SecDef optimistic on future of local defence industry


While accepting South Africa’s current – and foreseeable – economic situation as well as other factors, including the ongoing worldwide COVID-19 pandemic, South African Secretary for Defence Gladys Kudjoe remains optimistic as regards a brighter future for the local defence industry.

The Defence Industry Strategy (DIS), together with the Implementation Master Plan (IMP) and Defence Sector Charter (DSC), she tells readers of the latest AMD (SA Aerospace, Maritime and Defence Industries Association) defence industry guide, provides a policy framework for ensuring a vibrant defence industry capable of meeting SA National Defence Force (SANDF) requirements.

“The Defence Industry Strategy document has formulated a realistic option to secure, stabilise and sustain the (defence) sector under the reality of prevailing economic conditions.

“Given the multiple pressing socio-economic challenges which rely on an over-stretched national budget, government has to adopt practical measures in support of the defence industry. In doing so it ensures strategic and sovereign capabilities are not lost and distressed defence industry companies are salvaged as a matter of urgency, while retaining much-needed jobs and skills”.

As examples of Department of Defence (DoD) support to the local defence industry Kudjoe cites seven projects, either completed or underway.

They are Biro for three new inshore patrol vessels (officially multi-mission inshore patrol vessels [MMIPVs]); Hotel for a new hydrographic survey vessel; Kamogelo for new 40mm grenade launchers; Teamster for new field kitchens; Swatch for new field accommodation to support deployed forces; Blesbok for new water purification systems; and Bandsman for new SA Air Force (SAAF) fire trucks.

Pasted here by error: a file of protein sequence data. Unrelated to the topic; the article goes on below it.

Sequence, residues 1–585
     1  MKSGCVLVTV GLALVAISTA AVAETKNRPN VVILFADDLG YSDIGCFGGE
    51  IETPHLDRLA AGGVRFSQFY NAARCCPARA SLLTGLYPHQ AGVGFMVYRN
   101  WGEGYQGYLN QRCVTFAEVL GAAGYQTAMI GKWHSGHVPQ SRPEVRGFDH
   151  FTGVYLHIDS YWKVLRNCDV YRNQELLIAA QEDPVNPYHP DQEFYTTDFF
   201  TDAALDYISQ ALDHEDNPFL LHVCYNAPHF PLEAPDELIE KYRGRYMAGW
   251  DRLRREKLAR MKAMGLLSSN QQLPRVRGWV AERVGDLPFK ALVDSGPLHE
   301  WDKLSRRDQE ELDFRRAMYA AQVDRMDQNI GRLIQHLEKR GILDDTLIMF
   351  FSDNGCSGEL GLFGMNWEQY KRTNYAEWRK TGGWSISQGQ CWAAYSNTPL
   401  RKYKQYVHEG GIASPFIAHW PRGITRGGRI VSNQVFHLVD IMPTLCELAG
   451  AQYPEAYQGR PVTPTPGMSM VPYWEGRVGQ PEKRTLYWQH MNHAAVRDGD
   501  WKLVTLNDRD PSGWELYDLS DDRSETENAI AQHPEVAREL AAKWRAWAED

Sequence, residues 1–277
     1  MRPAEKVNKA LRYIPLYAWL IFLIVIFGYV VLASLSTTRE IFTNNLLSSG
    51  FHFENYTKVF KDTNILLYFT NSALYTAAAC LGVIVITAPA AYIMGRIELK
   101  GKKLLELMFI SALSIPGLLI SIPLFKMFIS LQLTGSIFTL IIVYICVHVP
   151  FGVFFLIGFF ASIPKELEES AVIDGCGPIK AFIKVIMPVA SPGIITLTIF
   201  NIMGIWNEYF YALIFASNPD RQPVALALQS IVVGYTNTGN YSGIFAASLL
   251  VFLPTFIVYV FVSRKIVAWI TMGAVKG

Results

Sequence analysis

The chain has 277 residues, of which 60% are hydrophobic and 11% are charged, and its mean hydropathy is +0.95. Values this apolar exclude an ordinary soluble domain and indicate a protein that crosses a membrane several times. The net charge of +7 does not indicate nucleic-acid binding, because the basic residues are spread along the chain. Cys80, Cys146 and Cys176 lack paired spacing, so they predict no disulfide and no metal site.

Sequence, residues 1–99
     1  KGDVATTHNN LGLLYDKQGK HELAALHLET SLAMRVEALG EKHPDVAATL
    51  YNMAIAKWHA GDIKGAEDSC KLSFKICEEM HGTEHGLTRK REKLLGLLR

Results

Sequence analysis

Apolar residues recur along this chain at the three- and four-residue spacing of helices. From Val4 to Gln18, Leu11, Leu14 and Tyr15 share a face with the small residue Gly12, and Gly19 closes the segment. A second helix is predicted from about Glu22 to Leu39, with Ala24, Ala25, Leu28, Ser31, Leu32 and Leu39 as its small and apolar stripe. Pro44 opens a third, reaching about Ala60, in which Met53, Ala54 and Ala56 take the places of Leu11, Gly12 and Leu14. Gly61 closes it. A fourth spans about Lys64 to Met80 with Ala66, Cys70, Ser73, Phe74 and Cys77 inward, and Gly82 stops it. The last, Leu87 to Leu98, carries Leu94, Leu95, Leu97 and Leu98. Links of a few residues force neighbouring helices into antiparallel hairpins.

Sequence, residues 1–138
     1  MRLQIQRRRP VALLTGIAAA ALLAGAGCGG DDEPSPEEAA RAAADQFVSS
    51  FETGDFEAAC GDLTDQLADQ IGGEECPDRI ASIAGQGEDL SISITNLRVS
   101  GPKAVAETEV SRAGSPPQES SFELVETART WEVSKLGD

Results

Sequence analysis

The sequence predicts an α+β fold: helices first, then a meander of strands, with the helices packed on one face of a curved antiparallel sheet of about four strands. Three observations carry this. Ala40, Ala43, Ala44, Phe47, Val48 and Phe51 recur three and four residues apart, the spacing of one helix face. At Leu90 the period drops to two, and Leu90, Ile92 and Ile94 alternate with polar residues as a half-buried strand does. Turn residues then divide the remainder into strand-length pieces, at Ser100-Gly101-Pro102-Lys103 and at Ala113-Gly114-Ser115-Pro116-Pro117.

The importance of the defence sector to and in the overall South African economy is, according to Kudjoe, highlighted as one “that needs to be grown and developed,” evidenced by it named as one of the top ten economic sectors in President Cyril Ramaphosa’s public/private growth initiative.

Over and above the Defence Industry Strategy, Implementation Master Plan, and Defence Sector Charter, Kudjoe sees the Aerospace and Defence Masterplan (ADM) as “a related support project” for the South African defence industry (SADI). According to her, the ADM has developed “a number” of goals and plans of action to stabilise and develop SADI. These range from doubling exports to improving marketing efforts – including at government level – to positioning South Africa as a regional centre of excellence for maintenance, repair and overhaul (MRO) and supplier of choice for commercial unmanned aerial vehicles (UAVs) and armoured vehicles.

Other ADM plans include acquiring small arms and ammunition locally, implementing catalytic space programmes, enhancing funding and finance support mechanisms, commercialising local intellectual property (IP) and developing a South African advanced research projects agency.